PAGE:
Tracy Price, CEO of EV charger installation network Qmerit, phone interview, February 24, 2022

Caradoc Ehrenhalt, CEO of EV charger installation and consulting firm EV Safe Charge, phone interview, February 25, 2022

Joe Flores, deputy director at nonprofit electricity supplier San José Clean Energy, phone interview, February 25, 2022

Charging Your Plug-in Electric Car, U.S. Department of Energy (DOE)

Electric Vehicles, U.S. Department of Energy (DOE)

Electricity FAQs, U.S. Energy Information Administration (EIA)

Explaining Electric & Plug-In Hybrid Electric Vehicles, U.S. Environmental Protection Agency (EPA)

Sarah Witman is a senior staff writer who reports on powering and charging technology for Wirecutter. She previously worked as a writer, editor, and fact checker for several science magazines. Though she researches and tests chargers for a living, her phone battery is usually low.

We’ve tested the best car chargers, and we have recommendations for affordable, reliable options that can fast-charge any device while you’re on the road.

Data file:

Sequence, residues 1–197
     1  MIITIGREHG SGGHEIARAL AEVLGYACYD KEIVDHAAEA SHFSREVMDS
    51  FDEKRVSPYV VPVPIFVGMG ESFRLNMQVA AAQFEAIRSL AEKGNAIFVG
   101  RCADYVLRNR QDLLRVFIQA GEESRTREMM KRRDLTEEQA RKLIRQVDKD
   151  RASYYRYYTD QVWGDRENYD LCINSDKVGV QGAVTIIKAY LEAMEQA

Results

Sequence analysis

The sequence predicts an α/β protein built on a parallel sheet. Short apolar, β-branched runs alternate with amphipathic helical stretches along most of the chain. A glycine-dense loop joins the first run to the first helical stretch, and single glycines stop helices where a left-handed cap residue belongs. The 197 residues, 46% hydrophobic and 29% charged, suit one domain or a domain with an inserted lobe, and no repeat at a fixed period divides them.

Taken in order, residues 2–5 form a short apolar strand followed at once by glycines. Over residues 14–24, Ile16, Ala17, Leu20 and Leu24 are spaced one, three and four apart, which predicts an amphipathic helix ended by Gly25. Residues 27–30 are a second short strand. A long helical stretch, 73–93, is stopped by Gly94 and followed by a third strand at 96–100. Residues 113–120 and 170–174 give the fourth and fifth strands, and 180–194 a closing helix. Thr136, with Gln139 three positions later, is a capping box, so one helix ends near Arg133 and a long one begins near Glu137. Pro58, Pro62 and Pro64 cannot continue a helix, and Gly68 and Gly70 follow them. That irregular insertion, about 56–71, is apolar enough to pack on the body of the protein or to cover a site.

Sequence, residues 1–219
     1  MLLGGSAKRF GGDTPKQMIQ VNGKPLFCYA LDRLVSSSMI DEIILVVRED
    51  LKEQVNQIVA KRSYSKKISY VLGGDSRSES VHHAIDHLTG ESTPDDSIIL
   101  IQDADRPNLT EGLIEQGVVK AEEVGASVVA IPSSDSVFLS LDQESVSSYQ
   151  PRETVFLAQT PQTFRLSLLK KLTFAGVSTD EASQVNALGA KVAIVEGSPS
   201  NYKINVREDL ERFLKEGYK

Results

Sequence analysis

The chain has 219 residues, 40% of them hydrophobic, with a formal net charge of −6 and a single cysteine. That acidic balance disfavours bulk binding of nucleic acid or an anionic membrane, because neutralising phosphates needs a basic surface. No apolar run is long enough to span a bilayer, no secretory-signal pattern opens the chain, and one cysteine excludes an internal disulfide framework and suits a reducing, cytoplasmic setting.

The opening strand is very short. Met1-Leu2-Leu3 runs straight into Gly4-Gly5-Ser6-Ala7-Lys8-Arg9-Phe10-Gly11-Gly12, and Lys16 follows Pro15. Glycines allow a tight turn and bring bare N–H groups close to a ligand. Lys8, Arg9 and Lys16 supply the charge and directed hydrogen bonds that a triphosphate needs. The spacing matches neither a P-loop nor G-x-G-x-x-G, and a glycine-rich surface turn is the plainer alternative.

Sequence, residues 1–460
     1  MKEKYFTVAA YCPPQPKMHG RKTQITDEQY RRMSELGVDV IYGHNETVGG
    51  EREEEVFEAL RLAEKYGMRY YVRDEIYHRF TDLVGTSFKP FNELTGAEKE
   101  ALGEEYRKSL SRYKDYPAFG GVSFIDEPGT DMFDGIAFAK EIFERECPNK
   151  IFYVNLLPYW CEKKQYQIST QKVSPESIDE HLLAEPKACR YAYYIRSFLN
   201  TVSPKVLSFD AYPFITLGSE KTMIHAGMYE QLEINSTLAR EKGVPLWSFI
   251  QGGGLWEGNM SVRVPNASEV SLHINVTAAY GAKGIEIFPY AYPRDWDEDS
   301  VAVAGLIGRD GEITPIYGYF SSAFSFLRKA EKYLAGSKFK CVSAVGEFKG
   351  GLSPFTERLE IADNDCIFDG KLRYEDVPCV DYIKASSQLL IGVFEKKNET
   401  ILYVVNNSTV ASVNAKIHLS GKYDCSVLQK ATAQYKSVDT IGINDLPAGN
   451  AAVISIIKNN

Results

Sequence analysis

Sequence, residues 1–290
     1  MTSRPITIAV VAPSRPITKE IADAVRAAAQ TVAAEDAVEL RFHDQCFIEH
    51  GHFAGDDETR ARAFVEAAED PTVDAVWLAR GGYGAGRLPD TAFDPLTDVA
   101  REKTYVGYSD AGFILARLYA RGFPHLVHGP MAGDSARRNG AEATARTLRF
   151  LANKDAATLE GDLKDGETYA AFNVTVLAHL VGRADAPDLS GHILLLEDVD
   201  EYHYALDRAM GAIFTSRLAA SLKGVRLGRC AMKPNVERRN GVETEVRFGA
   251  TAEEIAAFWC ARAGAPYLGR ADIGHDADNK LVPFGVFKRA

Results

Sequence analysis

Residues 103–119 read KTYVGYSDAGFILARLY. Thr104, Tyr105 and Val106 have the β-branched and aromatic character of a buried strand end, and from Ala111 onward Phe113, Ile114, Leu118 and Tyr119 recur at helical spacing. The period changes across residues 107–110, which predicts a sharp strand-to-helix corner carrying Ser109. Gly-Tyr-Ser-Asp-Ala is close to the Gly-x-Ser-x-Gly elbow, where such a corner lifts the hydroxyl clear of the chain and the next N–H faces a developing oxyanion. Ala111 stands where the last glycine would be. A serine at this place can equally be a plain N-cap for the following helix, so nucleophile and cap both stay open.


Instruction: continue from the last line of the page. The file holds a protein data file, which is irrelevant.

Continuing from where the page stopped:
A wireless charging mount lets you safely use a phone while driving and keep it juiced up along the way. iOttie’s Easy One Touch Wireless 2 remains the best.

by Roderick Scott and Nick Guy

No matter where you want to mount it, we’ve got plenty of options to keep your phone safely in view while you’re driving.

Here are the essential—and nonessential—items to carry in your car during winter driving to ensure you get to your destination.

The 2 Best Electric Vehicle Chargers for Home of 2024 | Reviews by Wirecutter

Ev Charging Infrastructure Wirecutter is the product recommendation service from The New York Times. Our journalists combine independent research with (occasionally) over-the-top testing so you can make quick and confident buying decisions. Whether it’s finding great products or discovering helpful advice, we’ll help you get it right (the first time).